Learning HModel Sets from Data: The Set Membership Approach

  • Mario Milanese
  • Michele Taragna
Part of the Trends in Mathematics book series (TM)


The paper investigates the problem of identifying time-invariant, discrete-time, exponentially stable, possibly infinite dimensional, linear systems from noisy experimental data. The aim is to deliver not a single model, but a set of models whose size inH∞norm measures the uncertainty in the identification. The noise assumptions can account for information on its maximal magnitude and deterministic uncorrelation properties.

The paper overviews recent results of the authors, focusing on the optimality properties for finite data and on the tradeoff between optimality and complexity of the identified model set.A method is given for solving the consistency/prior validation problem, requiring the solution of one linear programming problem. An algorithm is presented for evaluating convergent and computationally efficient inner and outer approximations of the value set for a given frequency, i.e., the set of responses at that frequency of all systems not falsified by data. Such approximations provide a method for computing the identification error of any identified model set within any desired accuracy, while in the literature only bounds are available, which are often quite conservative. A method for evaluating an optimal model set at any given number of frequencies is presented. This optimal model set may prove to be too complex and simpler model sets may be looked for, at the expense of identification accuracy degradation. This is measured by the optimality level of the identified model set, i.e., the ratio between the achieved identification error and the minimal one. By suitably approximating the optimal model set, a ’-optimal algorithm is derived, called “nearly optimal”, thus improving over the 2-optimality of “almost optimal” algorithms available in the literature. Using these results, reduced-order model sets with nominal models inRH O are derived which tightly include the optimal model set, and their optimality levels are evaluated. Since the optimality level of reduced-order model sets can be made near to\by increasing their order, the model order selection can be performed by suitably trading off between model set complexity and optimality level degradation.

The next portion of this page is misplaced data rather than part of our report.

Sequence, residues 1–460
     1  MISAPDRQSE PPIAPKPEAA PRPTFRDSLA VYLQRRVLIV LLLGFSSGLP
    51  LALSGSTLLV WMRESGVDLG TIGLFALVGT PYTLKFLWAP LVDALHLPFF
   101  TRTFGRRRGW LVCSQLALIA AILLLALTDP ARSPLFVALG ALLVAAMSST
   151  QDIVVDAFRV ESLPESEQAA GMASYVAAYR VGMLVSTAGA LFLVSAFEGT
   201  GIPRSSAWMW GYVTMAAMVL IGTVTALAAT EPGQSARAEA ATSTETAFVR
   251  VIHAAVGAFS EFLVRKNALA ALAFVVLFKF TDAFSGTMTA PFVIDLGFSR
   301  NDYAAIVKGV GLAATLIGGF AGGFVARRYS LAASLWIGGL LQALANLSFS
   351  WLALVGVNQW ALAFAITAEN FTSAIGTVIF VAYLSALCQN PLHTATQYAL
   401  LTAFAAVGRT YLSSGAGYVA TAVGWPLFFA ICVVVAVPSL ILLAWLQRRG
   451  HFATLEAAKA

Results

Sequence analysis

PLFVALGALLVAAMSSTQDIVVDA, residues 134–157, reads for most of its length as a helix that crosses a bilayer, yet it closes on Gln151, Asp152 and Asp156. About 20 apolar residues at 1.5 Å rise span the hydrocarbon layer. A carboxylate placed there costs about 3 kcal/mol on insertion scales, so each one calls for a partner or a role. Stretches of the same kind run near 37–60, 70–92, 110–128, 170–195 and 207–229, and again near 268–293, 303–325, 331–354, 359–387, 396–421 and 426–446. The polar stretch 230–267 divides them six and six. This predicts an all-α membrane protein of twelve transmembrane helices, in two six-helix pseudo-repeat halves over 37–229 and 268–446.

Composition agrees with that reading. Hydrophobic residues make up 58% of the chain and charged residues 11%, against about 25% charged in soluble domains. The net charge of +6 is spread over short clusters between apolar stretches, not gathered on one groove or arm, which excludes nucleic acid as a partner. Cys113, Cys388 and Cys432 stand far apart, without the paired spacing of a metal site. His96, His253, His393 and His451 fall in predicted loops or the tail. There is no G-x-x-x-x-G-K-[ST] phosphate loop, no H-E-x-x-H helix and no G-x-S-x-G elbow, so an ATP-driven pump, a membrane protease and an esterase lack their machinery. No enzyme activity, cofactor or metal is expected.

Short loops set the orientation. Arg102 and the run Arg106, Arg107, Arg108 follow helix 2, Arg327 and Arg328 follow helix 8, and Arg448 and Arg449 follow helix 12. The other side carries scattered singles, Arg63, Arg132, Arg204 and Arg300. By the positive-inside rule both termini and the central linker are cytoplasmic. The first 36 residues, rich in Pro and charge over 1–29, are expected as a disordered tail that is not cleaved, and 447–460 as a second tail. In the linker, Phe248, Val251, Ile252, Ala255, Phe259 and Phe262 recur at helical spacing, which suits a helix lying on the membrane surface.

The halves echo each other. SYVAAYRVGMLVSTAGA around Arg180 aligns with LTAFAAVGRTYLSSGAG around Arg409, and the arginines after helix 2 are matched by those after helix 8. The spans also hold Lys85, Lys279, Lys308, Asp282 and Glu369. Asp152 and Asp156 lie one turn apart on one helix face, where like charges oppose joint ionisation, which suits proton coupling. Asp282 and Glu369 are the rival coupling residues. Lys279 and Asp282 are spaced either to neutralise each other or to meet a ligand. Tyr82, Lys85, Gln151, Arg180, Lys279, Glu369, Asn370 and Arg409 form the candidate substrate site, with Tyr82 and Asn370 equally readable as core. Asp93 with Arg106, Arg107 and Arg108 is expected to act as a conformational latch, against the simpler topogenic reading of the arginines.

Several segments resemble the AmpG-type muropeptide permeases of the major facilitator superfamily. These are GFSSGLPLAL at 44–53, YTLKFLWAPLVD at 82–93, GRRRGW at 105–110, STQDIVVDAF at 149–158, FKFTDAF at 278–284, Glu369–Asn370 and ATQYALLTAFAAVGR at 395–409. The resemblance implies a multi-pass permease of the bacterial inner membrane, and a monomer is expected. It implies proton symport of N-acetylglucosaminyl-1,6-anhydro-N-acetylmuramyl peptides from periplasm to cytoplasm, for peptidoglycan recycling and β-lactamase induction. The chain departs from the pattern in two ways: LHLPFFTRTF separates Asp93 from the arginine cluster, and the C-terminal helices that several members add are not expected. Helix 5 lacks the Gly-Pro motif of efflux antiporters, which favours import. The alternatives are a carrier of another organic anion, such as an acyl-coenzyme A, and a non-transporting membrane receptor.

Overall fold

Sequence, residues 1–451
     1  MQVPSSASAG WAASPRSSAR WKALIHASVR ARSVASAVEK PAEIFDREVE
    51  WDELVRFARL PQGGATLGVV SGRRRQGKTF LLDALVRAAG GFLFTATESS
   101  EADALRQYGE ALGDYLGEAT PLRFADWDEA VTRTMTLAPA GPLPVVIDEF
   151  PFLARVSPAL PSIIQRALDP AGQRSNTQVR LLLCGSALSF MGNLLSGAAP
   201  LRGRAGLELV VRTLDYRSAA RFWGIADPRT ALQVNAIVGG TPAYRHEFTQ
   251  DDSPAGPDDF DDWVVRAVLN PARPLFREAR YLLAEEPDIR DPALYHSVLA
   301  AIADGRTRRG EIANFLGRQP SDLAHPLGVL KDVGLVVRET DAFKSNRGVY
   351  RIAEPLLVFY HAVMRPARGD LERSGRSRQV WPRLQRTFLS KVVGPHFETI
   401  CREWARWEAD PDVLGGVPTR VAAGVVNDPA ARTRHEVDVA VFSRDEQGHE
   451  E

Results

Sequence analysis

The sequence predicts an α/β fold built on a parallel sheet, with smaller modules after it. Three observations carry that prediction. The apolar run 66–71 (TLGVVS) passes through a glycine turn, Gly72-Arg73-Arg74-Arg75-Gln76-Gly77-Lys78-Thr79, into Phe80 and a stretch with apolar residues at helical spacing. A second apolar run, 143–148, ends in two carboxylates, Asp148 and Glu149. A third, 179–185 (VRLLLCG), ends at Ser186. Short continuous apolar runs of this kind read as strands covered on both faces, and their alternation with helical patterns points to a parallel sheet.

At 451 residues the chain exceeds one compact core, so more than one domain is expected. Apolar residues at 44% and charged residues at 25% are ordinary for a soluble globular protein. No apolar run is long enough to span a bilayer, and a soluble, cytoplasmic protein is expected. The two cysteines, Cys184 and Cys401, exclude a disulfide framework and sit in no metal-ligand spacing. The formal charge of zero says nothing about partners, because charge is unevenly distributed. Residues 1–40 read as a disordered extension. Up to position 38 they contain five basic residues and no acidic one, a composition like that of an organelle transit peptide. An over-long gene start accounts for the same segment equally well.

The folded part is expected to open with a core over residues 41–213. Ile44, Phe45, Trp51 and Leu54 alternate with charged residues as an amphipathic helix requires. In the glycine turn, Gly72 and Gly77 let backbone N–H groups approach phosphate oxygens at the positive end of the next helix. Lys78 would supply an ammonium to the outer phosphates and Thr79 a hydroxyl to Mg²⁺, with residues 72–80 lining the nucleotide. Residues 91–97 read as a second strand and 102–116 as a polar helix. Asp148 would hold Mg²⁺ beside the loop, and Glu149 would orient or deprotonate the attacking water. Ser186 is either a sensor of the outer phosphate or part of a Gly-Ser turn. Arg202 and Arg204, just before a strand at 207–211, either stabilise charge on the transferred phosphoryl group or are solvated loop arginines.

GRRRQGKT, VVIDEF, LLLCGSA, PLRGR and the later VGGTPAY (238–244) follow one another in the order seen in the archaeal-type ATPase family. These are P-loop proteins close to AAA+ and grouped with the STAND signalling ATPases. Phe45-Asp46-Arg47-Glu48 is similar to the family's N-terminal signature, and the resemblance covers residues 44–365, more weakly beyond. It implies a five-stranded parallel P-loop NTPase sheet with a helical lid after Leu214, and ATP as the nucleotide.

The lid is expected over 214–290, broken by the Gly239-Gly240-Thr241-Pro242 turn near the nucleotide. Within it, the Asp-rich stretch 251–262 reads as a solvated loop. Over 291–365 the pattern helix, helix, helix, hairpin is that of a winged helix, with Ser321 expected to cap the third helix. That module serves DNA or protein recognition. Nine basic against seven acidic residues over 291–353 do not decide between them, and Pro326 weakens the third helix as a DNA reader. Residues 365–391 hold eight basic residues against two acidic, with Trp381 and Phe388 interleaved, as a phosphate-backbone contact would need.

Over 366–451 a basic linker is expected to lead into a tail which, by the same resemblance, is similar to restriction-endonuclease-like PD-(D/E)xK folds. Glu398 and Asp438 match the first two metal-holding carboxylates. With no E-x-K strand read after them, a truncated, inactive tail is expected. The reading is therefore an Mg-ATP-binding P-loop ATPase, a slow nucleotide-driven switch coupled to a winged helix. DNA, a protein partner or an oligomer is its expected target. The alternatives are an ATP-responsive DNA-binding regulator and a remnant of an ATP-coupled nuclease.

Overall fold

Set Membership identification Identification for control Model sets Model quality Finite samples Complex systems 


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Copyright information

© Springer Science+Business Media New York 2003

Authors and Affiliations

  • Mario Milanese
    • 1
  • Michele Taragna
    • 1
  1. 1.Dipartimento di Automatica e InformaticaPolitecnico di TorinoTorinoItaly

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